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  • GTD and planner questions

    Hello-

    I am thinking of purchasing a new planner for next year to implement GTD concepts. So my questions are as follows:

    1) Are there any planners that people recommend? I've been using Franklin Covey but don't think that it has the flexibility that I need. I am considering Circa or maybe just a nice looking three ring binder but old habits die hard.
    2) How do folks organize their meeting notes? Strictly by date, by standing meeting, by project, or some hybrid? I currently use a hybrid approach (by date and by standing meeting) but then it makes it hard to find meeting notes sometimes.
    3) Does anyone use an indexing approach for their meeting notes? One of the folks that I work with numbers pages in his notebook with an index of meetings up front as reference.
    4) What sections do people set up in their planners? I was thinking of the following sections: daily calendar (list of "to do's" that must get done that day plus my schedule in case I need to write it out), projects, and next actions (with a page by category), agenda items (list of things to discuss with people when you meet with them)?

    Any feedback welcome!

    Thanks.

  • #2
    Originally posted by kcmestre View Post
    1) Are there any planners that people recommend? I've been using Franklin Covey but don't think that it has the flexibility that I need. I am considering Circa or maybe just a nice looking three ring binder but old habits die hard.
    None in particular.

    2) How do folks organize their meeting notes? Strictly by date, by standing meeting, by project, or some hybrid? I currently use a hybrid approach (by date and by standing meeting) but then it makes it hard to find meeting notes sometimes.
    I write all my meeting notes in the paper notepad in the back of my planner. After the meeting, I tear out the paper and put it into my inbox for processing. If I stored any meeting notes long-term, I'd put them into my filing system, into the file folder that made most sense for that meeting.

    3) Does anyone use an indexing approach for their meeting notes? One of the folks that I work with numbers pages in his notebook with an index of meetings up front as reference.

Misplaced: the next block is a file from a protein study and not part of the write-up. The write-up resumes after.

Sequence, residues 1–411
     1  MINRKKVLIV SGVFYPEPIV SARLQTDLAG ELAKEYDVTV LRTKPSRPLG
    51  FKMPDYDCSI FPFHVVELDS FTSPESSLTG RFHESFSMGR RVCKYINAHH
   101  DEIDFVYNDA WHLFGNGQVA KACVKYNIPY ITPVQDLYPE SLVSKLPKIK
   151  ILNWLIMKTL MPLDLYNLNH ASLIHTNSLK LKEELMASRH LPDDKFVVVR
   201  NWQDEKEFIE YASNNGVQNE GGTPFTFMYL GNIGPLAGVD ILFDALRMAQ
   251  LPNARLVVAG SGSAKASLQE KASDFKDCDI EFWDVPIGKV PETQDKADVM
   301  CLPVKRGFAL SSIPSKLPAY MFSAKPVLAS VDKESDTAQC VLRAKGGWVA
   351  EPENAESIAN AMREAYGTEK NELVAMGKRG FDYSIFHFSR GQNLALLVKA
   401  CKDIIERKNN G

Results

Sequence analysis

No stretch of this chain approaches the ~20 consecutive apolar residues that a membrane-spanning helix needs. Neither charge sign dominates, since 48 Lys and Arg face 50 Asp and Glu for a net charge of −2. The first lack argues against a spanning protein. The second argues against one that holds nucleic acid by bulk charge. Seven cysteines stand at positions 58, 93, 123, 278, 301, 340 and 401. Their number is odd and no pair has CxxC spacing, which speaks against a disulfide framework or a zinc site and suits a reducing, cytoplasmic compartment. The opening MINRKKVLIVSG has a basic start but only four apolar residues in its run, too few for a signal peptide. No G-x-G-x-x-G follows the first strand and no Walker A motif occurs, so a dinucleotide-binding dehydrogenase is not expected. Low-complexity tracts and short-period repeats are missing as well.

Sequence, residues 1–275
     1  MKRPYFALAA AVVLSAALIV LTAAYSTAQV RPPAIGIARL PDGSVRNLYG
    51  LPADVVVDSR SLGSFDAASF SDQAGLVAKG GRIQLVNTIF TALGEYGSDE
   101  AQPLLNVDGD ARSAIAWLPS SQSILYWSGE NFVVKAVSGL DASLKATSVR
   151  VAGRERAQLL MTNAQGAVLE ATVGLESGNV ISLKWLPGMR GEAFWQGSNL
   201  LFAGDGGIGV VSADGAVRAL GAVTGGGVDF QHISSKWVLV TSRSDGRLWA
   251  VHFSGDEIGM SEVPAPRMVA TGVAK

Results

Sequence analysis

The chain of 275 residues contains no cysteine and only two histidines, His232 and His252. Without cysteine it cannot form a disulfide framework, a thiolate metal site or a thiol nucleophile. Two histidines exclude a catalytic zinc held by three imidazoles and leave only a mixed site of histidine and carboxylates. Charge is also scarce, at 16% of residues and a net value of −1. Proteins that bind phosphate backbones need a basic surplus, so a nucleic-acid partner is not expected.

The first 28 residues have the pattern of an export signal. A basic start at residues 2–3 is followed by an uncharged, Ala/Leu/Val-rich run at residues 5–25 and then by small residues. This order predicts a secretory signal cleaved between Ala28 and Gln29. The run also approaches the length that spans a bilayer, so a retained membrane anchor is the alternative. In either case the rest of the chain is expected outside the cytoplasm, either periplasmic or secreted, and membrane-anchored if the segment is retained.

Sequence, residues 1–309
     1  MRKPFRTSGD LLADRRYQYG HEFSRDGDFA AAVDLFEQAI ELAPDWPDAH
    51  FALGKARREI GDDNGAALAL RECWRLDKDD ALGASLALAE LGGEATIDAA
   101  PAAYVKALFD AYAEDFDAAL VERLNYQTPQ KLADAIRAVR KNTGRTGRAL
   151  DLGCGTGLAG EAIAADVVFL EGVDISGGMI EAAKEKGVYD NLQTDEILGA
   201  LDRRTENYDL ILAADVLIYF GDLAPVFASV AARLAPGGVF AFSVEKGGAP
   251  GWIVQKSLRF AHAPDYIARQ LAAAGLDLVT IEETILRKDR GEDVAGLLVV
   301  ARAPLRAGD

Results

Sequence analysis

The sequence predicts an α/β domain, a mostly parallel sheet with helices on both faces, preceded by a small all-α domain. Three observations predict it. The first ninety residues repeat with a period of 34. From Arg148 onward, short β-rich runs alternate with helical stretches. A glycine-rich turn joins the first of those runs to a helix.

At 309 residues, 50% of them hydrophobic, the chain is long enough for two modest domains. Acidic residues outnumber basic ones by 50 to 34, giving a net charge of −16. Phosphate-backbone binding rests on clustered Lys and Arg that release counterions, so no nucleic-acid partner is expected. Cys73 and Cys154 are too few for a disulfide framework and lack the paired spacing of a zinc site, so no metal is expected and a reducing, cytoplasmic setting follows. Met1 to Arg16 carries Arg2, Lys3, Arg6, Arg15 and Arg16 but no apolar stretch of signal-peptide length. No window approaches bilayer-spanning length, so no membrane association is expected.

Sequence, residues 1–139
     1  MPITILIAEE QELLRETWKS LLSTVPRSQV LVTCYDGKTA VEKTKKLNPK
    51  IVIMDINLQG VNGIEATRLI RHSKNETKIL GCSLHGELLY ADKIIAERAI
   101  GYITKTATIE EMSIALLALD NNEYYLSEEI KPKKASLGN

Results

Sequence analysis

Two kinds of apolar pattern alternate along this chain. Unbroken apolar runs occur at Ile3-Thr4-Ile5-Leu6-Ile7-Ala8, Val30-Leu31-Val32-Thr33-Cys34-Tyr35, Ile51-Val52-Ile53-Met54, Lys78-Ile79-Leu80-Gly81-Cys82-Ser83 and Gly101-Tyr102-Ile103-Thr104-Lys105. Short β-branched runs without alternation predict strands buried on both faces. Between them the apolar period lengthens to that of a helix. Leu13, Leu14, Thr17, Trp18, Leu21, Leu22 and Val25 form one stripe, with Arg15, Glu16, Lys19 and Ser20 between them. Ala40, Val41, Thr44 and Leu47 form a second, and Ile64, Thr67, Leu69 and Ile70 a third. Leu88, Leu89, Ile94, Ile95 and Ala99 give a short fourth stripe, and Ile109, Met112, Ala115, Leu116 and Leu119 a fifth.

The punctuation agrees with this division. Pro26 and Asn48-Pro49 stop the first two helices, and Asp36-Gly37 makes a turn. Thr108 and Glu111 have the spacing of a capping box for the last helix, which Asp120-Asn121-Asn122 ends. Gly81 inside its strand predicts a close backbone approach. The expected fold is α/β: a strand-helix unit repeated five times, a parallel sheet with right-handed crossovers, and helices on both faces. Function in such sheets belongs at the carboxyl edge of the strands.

Nope. Meeting notes need to be processed, and once processed, I don't need to keep them. If I needed to keep them, I'd drop them in my filing cabinet.

    4) What sections do people set up in their planners? I was thinking of the following sections: daily calendar (list of "to do's" that must get done that day plus my schedule in case I need to write it out), projects, and next actions (with a page by category), agenda items (list of things to discuss with people when you meet with them)?
    My paper planner at work has two sections: One for NAs and projects, and one for my log of what I've done each day. That's it.

    The NA/project section has NAs by context in the front, and a list of projects on the last page.

    Comment


    • #3
      GTD and planner questions

      Thx much for the pointers. The big shift in thinking would be that the meeting notes are not really needed (except for reference purposes) since you keep track of all of the NAs once the meeting ends.

      Comment


      • #4
        Build your own

        Have you looked at diyplanner.com? They have some great templates for GTD and other systems.

        Comment


        • #5
          Hi kcmestre,

          Re: planners, I use a plain DayRunner/DayTimer, with tabs for next action contexts. Gives me everything I need - calendar, actions (including an agendas section), plus addresses and capture. More at Fare thee well Hipster PDA, if you're interested.

          Re: meeting notes, I do the same as Brent. More at Dealing with Meeting Notes - GTD to the Rescue!

          Cheers!

          matt

          Comment


          • #6
            Originally posted by kcmestre View Post
            1) Are there any planners that people recommend? I've been using Franklin Covey but don't think that it has the flexibility that I need. I am considering Circa or maybe just a nice looking three ring binder but old habits die hard.
            My preference is for the FC - classic size. I bought a nice leather one on E-bay. I tried the circa but the novelty seemed to wear out quickly. I also got the 7-hole punch and a small paper trimmer.

            Also the reason the seven rings...physics. the thin papers tend to rip less when placed in a 7-ring binder rather than a 3-ring binder.

            2) How do folks organize their meeting notes? Strictly by date, by standing meeting, by project, or some hybrid? I currently use a hybrid approach (by date and by standing meeting) but then it makes it hard to find meeting notes sometimes.
            Date. With basic info as to the project name type of meeting within the first couple of lines, oh yeah and the attendee list. With the date stamped on each page I'll know how "fresh" the notes are so I make sure I process the "oldest" ones first. After processing the notes. If I need to keep them as reference, I just chuck them into the corresponding project support folder. I use the calendar (outlook) to quickly scan where (the project) and when the meeting took place, should I ever need to retrieve the notes